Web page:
May 16, 2017

Scots judge reverses block ruling on major windfarm plans

By James Mulholland | The Scotsman | 16 May 2017 |

Scotland’s most senior judge has reversed a decision to halt plans for four offshore wind farms which could power for 1.4 million homes and create thousands of jobs.

Lord Carloway ruled on Tuesday that his colleague Lord Stewart was wrong to allow a legal challenge which stopped the developments going ahead.

The challenge had been made by the Royal Society for the Protection of Birds.

The organisation had gone to the Court of Session in Edinburgh because it had thought the Scottish Government acted unlawfully.

The RSPB reckoned the farms – which are located in the Firths of Forth and Tay – put rare birds such as the Atlantic Puffin, the Northern Gannet and Black Legged Kittiwake at risk.

In a ruling made in July last year, Lord Stewart ruled that he agreed with the arguments made by the RSPB’s legal team.

He ruled that the Scottish Ministers breached legal requirements to give proper consideration to the areas being a haven for rare wild life.

Lord Stewart ruled that the government also failed to properly consult interested parties with regard to the impact that the developments had on the environment.

The judge also ruled that the ministers acted unlawfully by taking into account “unconsulted information” while they made their decisions.

However, on Tuesday, Lord Carloway – who was sitting with fellow judges Lord Menzies and Lord Brodie – ruled that his colleague interpreted the law incorrectly.

Lord Carloway, the Lord President, ruled that the Scottish Government acted properly and gave proper consideration to the areas being a home for rare wild life.

The judge also ruled that the Scottish ministers acted appropriately and properly consulted interested parties.

He ruled that the government gave the public the opportunity to give their opinions about the developments.

In his judgement, Lord Carloway wrote: “The regulations are intended to provide for the effective publication of effective publication of environmental information and public participation in the EIA process.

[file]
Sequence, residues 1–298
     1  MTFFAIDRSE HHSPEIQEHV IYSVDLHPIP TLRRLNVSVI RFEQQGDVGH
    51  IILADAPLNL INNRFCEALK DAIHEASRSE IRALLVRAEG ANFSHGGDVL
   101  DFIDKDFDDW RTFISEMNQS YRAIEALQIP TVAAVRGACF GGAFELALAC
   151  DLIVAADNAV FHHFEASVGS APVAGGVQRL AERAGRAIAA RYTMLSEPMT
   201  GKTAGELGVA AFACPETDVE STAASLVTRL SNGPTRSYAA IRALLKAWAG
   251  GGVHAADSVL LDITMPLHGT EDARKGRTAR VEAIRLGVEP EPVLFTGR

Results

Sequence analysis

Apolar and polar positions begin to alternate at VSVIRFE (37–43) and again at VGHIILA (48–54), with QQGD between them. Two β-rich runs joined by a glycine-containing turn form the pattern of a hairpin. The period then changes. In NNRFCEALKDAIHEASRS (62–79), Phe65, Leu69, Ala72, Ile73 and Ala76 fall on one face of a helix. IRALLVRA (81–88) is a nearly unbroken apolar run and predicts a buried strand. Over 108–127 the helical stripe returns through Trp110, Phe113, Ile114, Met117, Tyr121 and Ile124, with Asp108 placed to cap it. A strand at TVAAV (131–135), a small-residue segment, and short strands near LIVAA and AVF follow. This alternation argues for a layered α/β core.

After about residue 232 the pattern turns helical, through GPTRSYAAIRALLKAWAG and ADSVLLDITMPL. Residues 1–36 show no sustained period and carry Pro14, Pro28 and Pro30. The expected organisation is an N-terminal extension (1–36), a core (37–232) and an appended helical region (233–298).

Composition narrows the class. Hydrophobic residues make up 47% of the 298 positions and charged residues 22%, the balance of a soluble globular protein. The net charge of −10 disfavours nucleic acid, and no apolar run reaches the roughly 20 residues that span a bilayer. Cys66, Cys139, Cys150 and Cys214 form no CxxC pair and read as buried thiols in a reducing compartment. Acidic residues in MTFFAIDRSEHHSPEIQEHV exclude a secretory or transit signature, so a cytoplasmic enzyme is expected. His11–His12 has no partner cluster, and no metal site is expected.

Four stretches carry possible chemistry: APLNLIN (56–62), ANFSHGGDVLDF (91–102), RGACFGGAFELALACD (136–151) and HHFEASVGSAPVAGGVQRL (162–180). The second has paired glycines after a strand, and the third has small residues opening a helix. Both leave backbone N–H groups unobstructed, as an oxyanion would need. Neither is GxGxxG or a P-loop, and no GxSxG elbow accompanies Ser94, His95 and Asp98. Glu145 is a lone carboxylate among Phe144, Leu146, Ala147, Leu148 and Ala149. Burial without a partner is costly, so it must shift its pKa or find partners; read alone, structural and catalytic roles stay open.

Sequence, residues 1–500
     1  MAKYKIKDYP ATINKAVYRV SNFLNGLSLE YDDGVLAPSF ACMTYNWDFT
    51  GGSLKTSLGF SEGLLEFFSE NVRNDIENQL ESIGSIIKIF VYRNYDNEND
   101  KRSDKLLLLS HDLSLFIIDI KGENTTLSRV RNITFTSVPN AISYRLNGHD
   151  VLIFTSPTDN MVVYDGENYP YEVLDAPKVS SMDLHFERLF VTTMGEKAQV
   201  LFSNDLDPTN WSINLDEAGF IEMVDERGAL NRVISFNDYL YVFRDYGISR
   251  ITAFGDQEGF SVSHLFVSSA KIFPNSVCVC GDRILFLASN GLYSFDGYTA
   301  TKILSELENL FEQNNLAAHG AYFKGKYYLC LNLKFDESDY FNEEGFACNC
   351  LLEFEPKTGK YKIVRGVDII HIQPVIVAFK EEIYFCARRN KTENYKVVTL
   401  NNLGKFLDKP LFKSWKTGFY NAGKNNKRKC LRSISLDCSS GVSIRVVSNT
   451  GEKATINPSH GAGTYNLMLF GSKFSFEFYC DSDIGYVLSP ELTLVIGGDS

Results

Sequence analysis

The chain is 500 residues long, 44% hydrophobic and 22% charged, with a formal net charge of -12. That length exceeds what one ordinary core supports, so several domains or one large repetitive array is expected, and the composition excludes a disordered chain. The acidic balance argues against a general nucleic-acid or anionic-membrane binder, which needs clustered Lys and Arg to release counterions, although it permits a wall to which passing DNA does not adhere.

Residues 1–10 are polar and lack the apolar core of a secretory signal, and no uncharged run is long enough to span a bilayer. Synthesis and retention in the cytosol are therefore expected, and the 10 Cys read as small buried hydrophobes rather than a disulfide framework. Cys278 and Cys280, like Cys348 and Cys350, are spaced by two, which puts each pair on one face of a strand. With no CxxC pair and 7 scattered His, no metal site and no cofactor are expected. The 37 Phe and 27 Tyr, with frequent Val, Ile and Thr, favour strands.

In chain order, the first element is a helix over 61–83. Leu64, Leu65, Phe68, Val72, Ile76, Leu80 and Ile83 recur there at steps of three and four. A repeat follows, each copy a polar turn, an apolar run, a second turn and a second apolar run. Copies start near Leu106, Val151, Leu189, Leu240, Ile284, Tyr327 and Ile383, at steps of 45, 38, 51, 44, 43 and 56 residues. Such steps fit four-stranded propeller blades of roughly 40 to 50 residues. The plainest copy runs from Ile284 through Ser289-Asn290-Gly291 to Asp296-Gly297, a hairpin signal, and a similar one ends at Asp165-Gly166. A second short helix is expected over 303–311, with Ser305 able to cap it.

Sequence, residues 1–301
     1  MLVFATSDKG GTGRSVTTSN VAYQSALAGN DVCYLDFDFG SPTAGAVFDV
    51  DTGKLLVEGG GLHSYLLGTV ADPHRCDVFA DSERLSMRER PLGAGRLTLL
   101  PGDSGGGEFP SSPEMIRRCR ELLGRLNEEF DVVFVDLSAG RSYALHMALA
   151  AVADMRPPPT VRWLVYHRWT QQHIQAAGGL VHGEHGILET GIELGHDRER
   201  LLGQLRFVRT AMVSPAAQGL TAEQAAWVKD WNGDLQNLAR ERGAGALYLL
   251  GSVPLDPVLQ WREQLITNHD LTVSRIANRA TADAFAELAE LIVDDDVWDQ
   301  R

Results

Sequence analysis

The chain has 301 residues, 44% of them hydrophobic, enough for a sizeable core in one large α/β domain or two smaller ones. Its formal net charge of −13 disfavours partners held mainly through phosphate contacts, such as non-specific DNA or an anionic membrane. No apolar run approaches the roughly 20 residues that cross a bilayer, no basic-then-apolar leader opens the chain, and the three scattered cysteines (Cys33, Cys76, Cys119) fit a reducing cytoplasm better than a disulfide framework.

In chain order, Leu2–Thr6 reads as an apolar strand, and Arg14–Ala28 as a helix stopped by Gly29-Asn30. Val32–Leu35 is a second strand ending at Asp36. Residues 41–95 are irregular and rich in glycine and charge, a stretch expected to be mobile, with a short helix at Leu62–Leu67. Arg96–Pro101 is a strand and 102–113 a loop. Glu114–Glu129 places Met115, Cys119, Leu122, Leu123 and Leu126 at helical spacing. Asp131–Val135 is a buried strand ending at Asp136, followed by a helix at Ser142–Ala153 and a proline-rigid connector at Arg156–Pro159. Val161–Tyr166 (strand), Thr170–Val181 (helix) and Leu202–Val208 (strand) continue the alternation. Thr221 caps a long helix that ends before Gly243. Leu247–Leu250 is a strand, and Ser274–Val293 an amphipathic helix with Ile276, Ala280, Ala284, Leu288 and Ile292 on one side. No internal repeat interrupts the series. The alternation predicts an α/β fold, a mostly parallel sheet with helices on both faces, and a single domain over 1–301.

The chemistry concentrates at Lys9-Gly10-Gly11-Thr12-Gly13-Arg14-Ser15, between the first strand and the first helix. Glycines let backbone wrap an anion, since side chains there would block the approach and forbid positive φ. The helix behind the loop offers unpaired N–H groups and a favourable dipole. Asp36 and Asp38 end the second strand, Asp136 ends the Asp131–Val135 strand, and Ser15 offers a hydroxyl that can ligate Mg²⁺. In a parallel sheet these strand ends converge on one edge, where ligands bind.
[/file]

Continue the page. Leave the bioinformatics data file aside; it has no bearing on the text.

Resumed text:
“The extent of such provision must however, be tempered with a degree of realism. It should not create an endless process of notification, of, and consultation on every matter, which is, or becomes, available to the decision maker prior to the decision.

“The process is to inform the public of the application, and its perceived environmental impacts no the responses from defined statutory bodies.

“The public then have the opportunity to comment on these matters and, no doubt, to raise any concerns about other issues which they perceive to arise.

“That process was fully complied with here.”

Lord Stewart had ruled that the Scottish Ministers would have to reconsider their decision on granting planning permission for the Neart an Gaoithe (CORR), Inch Cape, Seagreen Alpha and Seagreen Bravo developments.

The Scottish government had previously estimated the proposed wind farms could generate between £314 million and £1.2 billion for the Scottish economy.

The Holyrood administration also reckoned that the developments could also create between 2,567 and 13,612 jobs within Scotland during the construction period.

Consequently, the Scottish Ministers gave planning permission to these developments in October 2013.

The RSPB disagreed with the decision and launched a judicial review which was heard in the Court of Session in the early part of 2016.

Lord Stewart ruled in the RSPB’s favour in July 2016.

However, Lord Carloway said his colleague had interpreted the law wrongly.

He said Lord Stewart had been mistaken in how he interpreted the law when he was assessing the case.

Lord Carloway added: “Despite paying lip service to the correct legal test for judicial review, the Lord Ordinary has strayed well beyond the limits of testing the legality of the process and has turned himself into the decision maker following what appears to have been treated as an appeal against the respondents decision on the facts.

“He has acted, almost, as if he were the reporter at such an inquiry, as a finder of fact on matters of scientific fact and methodology which whatever the judge’s own particular skills maybe, are not within the proper province of a court of review.

“For this reason alone, his decision on this ground cannot be sustained.”

URL to article: